A VOLUNTARY organisation fears community groups in Hartlepool could face closure after councillors agreed controversial plans to slash funding due to savage budget cuts.
Keith Bayley, manager of Hartlepool Voluntary Development Agency (HVDA), said the decision to cut a funding pot for voluntary and community sector groups will have a “devastating” affect in town.
It comes after Hartlepool Borough Council agreed to slash its Community Pool funding for specialist support services from £150,000 to £75,000, with narrower eligibility criteria focusing on family poverty, which could exclude groups previously funded.
It has also been agreed to reduce the maximum grant that groups can apply for from £15,000 down to £10,000, while funding to Hartlepool Credit Union will be cut by 50 per cent.
There will also be no funding for the HVDA, based in Victoria Road, from May next year after it was agreed to stop a contract worth £70,000.
HVDA, which provides support and information for voluntary community sector groups (VCS), has received council funding since 1986 and in 2012-13 secured £194,000 of funding for other groups from external sources, supporting 252 groups and 686 volunteers.
Mr Bayley said HVDA is not under threat, but said the withdrawal of council funding sends out the message the local authority no longer supports the VCS.
Mr Bayley said: “The reduction in grant funding and the change in criteria are likely to eliminate many of the current recipients of grant aid which in some cases will lead to the closure of services.
“Some groups have received funding for many years, for example Hartlepool Access Group (Shopmobility), Hartlepool People Centre, Epilepsy Outlook and Hart Gables.”
The decision was taken by the council’s finance and policy committee, who said the cuts needed to be made due to savage budget pressures facing the council, which is looking to save £16m.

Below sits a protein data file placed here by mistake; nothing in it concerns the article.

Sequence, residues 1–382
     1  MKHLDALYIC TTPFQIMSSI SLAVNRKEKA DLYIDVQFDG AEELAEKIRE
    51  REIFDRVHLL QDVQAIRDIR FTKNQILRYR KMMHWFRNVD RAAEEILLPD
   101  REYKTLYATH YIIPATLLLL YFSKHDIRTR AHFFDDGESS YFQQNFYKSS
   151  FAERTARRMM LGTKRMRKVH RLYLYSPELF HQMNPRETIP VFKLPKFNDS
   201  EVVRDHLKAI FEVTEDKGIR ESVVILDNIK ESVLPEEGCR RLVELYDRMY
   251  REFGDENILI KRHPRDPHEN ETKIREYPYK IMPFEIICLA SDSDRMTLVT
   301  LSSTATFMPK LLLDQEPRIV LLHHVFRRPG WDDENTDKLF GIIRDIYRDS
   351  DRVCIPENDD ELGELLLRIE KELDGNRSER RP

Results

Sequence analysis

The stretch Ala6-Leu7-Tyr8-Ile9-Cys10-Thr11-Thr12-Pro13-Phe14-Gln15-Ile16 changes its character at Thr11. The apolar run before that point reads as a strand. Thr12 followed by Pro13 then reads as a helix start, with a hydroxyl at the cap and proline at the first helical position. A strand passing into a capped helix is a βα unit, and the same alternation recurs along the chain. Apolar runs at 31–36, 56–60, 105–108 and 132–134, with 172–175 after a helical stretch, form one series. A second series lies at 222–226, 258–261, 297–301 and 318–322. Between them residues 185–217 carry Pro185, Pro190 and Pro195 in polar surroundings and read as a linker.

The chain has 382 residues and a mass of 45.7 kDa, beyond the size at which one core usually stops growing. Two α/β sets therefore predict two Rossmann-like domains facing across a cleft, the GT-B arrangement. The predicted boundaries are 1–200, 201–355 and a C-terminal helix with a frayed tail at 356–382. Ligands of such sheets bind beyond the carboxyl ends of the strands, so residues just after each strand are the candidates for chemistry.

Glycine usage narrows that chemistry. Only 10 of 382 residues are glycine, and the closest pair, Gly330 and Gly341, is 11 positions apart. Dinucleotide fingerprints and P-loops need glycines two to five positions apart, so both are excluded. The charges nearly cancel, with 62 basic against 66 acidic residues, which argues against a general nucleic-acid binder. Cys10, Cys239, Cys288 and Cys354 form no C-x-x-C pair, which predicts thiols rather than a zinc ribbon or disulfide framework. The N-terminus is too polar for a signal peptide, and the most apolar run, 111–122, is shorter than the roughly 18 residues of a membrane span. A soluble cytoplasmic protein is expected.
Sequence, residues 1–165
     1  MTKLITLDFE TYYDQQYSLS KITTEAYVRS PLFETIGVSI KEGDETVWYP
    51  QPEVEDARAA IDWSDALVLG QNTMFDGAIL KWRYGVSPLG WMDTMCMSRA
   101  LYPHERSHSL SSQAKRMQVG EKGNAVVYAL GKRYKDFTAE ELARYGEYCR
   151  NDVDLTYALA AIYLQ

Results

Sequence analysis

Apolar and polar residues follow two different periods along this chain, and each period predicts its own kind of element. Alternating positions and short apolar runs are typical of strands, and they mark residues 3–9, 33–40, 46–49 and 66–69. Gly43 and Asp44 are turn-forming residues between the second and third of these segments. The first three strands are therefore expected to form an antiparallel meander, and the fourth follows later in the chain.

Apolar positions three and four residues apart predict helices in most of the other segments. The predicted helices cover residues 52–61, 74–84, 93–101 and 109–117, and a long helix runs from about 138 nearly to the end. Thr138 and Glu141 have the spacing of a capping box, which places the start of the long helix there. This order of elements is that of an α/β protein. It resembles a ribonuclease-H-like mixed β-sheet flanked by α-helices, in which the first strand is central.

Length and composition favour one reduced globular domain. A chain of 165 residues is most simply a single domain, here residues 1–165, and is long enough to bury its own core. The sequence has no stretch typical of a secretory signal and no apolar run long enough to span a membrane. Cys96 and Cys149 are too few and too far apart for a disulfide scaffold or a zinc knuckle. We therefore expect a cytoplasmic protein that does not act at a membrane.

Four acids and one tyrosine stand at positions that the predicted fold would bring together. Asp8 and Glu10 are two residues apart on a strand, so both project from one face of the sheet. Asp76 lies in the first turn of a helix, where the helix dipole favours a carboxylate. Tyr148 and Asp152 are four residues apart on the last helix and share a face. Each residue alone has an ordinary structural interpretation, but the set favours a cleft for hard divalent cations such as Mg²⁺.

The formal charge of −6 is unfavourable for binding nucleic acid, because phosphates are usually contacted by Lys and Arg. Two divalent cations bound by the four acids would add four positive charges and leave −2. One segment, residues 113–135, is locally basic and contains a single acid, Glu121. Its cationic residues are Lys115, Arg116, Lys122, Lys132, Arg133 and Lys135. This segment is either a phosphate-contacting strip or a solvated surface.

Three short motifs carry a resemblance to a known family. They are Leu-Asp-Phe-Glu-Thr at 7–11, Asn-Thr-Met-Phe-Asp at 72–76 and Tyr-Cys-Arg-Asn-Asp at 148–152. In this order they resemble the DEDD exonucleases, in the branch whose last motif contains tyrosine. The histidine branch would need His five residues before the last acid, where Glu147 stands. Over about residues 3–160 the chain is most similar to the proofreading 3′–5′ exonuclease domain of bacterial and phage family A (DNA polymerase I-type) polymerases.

Mr Bayley said he understands the council’s situation, but added: “Cutting the funding from £150,000 to £75,000 will have a devastating affect in Hartlepool.
“Some of those groups have had funding since 1996.”
He added: “This decision will make it very difficult for HVDA to get other funding sources because they will look and see we don’t receive council funding and will ask why.
“If it had been a 50 per cent cut we could have stomached it, but not 100 per cent.”
The £70,000 HVDA contract came under a category which aims to support and develop the VCS, but that category will be scrapped from May.
My Bayley said HVDA receives £50,000 and SkillShare £20,000 to provide training. HVDA could still apply for funding, but will no longer have the contract from next year.
In 2013-14, the Community Pool budget supported 14 groups with three groups awarded contracts, Hartlepool Credit Union, HVDA and West View Advice & Resource Centre and 11 groups awarded grants including ADDvance, Epilepsy Outlook, Hart Gables, Hartlepool Access Group, Hartlepool Bereavement Service and Hartlepool People Centre.
Denise Ogden, the council’s director of regeneration and neighbourhoods, said: “If this does not go ahead then these savings will have to be found from other front-line services.
“It is not a position that anybody wants to be put in, but we are in difficult times.”